When you start investing, you know the least about investing that you will ever know.
This can lead to poor initial results, and ultimately ‘quitting’ investing without ever benefitting from the prosperity creating effects of compound interest.
If you are starting from scratch, it pays to begin your investment journey with the knowledge necessary to succeed.
This article is your guide on how to invest well, from the start.
Investing can seem extremely complicated.
There is a staggering amount of industry-specific knowledge in investing. Case-in-point: here are 101 financial ratios and metrics that are important to investing.
Fortunately, you don’t need to know all 101 to do well in the stock market.
In fact, how to do well as an investor can be boiled down into the following sentence:
Invest in great businesses with strong competitive advantages and shareholder friendly managements trading at fair or better prices.
Buying high quality businesses has historically been a winning strategy, but please do not just take my word for it…
Claims without facts are just baseless opinions.
The bolded statement above covers all there is to know about successful dividend growth investing. Admittedly, it is missing some detail.
The rest of this article discusses in detail how to build a dividend growth portfolio, starting with $5,000 or less.
Choosing the Right Stock Broker and Funding Your Account
The way that we purchase stocks has changed dramatically over the decades.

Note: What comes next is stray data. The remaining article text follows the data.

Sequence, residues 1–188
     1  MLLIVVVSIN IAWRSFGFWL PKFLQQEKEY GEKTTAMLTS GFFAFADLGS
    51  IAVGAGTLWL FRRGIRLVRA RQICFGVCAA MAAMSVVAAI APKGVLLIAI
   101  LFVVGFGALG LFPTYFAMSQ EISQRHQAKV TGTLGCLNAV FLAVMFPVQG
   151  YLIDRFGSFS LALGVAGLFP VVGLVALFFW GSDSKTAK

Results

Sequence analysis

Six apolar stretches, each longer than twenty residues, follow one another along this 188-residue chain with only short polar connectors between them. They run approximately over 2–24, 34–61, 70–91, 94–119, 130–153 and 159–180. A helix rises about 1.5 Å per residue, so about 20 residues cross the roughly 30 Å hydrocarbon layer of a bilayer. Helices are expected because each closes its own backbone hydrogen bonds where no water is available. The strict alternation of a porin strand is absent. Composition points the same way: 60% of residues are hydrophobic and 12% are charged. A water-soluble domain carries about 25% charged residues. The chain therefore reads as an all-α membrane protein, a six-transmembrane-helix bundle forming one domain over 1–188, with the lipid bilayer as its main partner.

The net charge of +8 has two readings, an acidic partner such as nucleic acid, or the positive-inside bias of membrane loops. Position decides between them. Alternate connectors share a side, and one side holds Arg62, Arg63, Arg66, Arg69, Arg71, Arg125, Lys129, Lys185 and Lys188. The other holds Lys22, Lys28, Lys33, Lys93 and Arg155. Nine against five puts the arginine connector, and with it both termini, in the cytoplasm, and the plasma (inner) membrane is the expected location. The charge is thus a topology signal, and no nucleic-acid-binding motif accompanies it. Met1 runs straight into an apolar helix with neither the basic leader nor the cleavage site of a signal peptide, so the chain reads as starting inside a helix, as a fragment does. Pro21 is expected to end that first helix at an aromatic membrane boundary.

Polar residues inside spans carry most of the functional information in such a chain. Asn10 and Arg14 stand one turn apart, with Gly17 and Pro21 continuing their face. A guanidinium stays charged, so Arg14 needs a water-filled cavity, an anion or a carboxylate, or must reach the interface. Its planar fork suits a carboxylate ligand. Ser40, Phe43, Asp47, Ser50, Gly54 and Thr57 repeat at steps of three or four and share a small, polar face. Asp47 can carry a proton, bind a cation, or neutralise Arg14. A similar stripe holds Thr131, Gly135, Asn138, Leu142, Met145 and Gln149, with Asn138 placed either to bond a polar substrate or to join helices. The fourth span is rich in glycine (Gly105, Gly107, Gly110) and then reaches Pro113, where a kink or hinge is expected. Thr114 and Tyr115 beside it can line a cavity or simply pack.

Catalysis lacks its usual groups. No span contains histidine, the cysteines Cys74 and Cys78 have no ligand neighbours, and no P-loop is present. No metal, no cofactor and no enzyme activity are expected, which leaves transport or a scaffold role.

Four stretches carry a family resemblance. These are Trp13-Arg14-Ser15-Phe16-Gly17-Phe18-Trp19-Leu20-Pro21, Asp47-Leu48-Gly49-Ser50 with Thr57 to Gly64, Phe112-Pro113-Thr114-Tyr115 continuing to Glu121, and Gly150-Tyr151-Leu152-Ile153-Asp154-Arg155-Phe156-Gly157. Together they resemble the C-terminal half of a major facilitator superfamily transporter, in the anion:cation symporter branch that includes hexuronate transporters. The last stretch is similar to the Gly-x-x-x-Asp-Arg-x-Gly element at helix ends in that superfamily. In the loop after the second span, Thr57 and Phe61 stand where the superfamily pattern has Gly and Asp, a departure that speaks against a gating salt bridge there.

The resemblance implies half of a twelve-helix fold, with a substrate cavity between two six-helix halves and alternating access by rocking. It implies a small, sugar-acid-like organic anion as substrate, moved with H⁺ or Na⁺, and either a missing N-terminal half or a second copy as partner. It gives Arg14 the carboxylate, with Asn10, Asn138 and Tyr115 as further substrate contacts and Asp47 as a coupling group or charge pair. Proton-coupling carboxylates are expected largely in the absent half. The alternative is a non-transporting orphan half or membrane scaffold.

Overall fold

It used to be very expensive to purchase stocks – a ‘broker’ was an individual, not an online platform. Buying stocks involved calling your stock broker and seeing if he knew anyone who was selling your desired security.
Today, there are a plethora of online stock brokers with low fees and easy-to-use trading platforms.
The purpose of this section is not to recommend a specific stock broker for Sure Dividend readers. Rather, certain positive characteristics will be identified to help you on your search for the right broker.
The biggest factor is fees. Investing fees can be a serious detriment to overall investor returns.
As a self-directed investor, the largest fees you will incur are when you trade. Most brokers charge a flat per-trade commission which can be as low as $1 (though often much higher).
When you start investing and your portfolio is small, these fees can really eat into returns. This is one reason to support long-term investing – long holding periods means less trading, which reduces fees.